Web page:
Havre Daily News
The Montana Attorney General's office Monday issued a draft opinion that would allow police to withhold the names of crime victims if victims made that request.
The office said it will issue a formal opinion even though the Havre Daily News, joined by news organizations across the state, has filed a lawsuit asking a state District Court judge to clarify what public information should be included in initial incident reports by law enforcement officers. The attorney general's office normally does not issue opinions on matters that are already before the courts.
The request for an attorney general's opinion came from Havre City Attorney Mary VanBuskirk on behalf of then Police Chief Kevin Olson in November.
VanBuskirk asked for an opinion that would allow police chiefs to withhold the names of victims of so-called "crimes against persons," like robbery, homicide and assault.
State law prohibits police departments from releasing only the names of victims of sex crimes. It also says that at the request of victims, police cannot make public their places of employment, telephone numbers or addresses, unless the crimes occurred at their home.
The draft opinion from Attorney General Mike McGrath's office goes further, and would allow police to keep secret the names of victims of any type of crime if the victim requests it.
"It appears that (McGrath is) rewriting the law," Havre Daily News publisher Harvey Brock said today. "It's too bad he didn't wait for the decision to come out of the courts."
Pam Bucy, assistant attorney general, said that since VanBuskirk's request for an attorney general's opinion did not specifically address initial incident reports, it is not identical to the suit the Havre Daily News and eight other news organizations filed in state District Court Wednesday against the city of Havre and three supervisors in the Police Department. Therefore, she said, McGrath could issue the opinion.
The attorney general does not write opinions on issues that are identical to those that are before the courts, she said.
Brock said the issues are not different. It is through initial incident reports that the public can find information about crimes against persons, including the names of victims, he said.
"I don't see how they are different. They are exactly the same thing," he said.
McGrath's draft opinion says law enforcement officers creating policies providing "complete confidentiality to victims upon their request" would not violate Montana law governing disclosure of public information.
The draft opinion says the state law that allows victims to request that information about their address, telephone number and place of employment be kept confidential was written to help balance the competing constitutional rights of privacy and of freedom of information. That justifies law enforcement agencies editing out information from documents given to the public, including the victim's name, if the victim requests it, the draft says.
It also says the addresses of all crime scenes must be made public, even if it is requested to be kept confidential by a victim, and that other information must be made public if specified by law or authorized by the courts.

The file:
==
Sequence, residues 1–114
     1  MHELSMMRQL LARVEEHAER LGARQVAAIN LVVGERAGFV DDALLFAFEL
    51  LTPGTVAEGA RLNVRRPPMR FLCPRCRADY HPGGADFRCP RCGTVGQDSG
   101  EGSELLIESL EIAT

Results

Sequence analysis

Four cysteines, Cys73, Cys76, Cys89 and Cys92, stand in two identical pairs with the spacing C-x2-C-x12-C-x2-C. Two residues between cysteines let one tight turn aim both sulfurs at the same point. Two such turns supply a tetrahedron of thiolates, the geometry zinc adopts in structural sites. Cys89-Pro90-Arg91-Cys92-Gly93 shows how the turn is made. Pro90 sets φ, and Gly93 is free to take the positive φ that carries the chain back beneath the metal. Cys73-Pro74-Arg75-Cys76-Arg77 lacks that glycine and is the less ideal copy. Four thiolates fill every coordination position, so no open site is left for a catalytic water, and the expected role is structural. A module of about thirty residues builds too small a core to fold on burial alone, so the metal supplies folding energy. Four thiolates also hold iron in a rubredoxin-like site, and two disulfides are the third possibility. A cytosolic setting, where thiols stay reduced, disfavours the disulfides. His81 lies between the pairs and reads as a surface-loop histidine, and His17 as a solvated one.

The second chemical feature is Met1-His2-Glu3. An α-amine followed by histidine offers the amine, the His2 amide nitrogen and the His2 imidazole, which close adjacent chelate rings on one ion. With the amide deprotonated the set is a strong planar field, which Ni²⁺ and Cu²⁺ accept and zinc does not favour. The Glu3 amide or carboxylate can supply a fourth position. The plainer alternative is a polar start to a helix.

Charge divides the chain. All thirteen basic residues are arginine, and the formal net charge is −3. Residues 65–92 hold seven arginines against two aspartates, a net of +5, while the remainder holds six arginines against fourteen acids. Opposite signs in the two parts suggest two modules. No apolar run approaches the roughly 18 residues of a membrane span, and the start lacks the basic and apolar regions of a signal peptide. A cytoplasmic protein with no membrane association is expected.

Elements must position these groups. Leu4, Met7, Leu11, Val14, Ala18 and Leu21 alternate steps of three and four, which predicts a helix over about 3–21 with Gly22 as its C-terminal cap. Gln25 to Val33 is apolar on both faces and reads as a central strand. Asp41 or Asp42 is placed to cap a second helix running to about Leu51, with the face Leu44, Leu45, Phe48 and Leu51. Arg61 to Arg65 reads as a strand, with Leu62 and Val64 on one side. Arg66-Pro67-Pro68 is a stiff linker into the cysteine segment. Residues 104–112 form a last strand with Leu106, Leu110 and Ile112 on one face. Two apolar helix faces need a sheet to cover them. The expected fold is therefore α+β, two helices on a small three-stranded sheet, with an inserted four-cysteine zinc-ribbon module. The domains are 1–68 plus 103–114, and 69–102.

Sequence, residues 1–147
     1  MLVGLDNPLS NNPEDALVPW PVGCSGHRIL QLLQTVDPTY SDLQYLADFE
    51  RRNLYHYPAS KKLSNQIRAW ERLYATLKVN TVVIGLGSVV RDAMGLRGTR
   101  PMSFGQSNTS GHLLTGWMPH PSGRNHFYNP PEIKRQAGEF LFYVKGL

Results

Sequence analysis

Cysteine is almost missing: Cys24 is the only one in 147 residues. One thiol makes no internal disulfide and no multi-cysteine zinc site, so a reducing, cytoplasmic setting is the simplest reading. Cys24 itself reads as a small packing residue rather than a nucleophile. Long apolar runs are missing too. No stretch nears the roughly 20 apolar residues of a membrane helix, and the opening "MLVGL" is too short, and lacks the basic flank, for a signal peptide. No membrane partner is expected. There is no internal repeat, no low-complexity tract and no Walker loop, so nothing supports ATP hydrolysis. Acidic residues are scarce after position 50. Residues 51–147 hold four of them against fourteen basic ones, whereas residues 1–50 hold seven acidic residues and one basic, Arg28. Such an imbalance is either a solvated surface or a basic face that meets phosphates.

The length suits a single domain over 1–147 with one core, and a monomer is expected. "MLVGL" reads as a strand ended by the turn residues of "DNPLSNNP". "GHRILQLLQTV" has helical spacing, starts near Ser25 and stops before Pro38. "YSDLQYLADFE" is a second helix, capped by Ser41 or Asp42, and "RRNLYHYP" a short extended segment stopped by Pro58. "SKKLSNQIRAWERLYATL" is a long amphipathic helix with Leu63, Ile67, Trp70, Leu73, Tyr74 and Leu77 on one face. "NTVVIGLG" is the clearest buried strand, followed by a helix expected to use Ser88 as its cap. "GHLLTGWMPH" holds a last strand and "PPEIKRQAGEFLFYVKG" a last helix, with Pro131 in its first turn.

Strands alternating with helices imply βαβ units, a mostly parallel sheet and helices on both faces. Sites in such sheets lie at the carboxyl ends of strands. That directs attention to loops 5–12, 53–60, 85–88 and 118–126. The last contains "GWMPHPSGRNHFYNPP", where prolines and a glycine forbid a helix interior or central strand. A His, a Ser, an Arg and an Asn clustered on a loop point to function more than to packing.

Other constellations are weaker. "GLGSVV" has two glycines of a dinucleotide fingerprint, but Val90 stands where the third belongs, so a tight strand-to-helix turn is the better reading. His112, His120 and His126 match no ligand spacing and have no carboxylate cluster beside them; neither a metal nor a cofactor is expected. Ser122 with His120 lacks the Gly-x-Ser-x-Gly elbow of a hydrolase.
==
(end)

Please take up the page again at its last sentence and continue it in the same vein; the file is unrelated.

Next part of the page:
The lawsuit by the Havre Daily News and other news organizations asks the court to order the Havre Police Department to set up policies requiring the department to provide complete initial incident reports to the public upon request during regular business hours.
The lawsuit request the court to order the Police Department to include information about the accused, about whether the accused was arrested or merely cited for a charge, any physical evidence seized, the length of the investigation, information about witnesses or victims related to the incident, information about any charges, scheduling of judicial action and any request to the public to help obtain evidence.
The lawsuit was filed after the Police Department blackened out information in a police report that the plaintiffs believe is public information.
Jim Strauss, publisher of the Great Falls Tribune and president of the Montana Newspaper Association, said he is somewhat surprised that McGrath is going to issue an opinion.
"I would think he would wait for a ruling to be issued in this lawsuit," he said.
Strauss had not seen the draft opinion when he was interviewed.
He said he supports the lawsuit because of its statewide implications. The question is whether Montanans want an open government and want free and open access to records. The question is much larger than whether the media can access information, he said.
"This isn't about the media. This is about the public right to know," he said.
Bucy said the attorney general's office is sending information to news agencies and law enforcement agencies within the next day or so about what it thinks should be included in initial incident reports and in initial arrest records.
She said the information is being provided after FOI Hotline and news organizations surveyed public agencies last summer to see if the agencies provide information that is public under Montana law. Many sheriff's departments around the state failed the test.
Montana law states that initial incident reports and initial arrest records are public information, but "the act provides no guidance as to what is included in those reports," she said.
People will have about two weeks to comment on the draft opinion before a final draft is written and the opinion released, Bucy added.
The guide on what should be included in initial incident reports and initial arrest records will be scheduled for a rules hearing in Helena.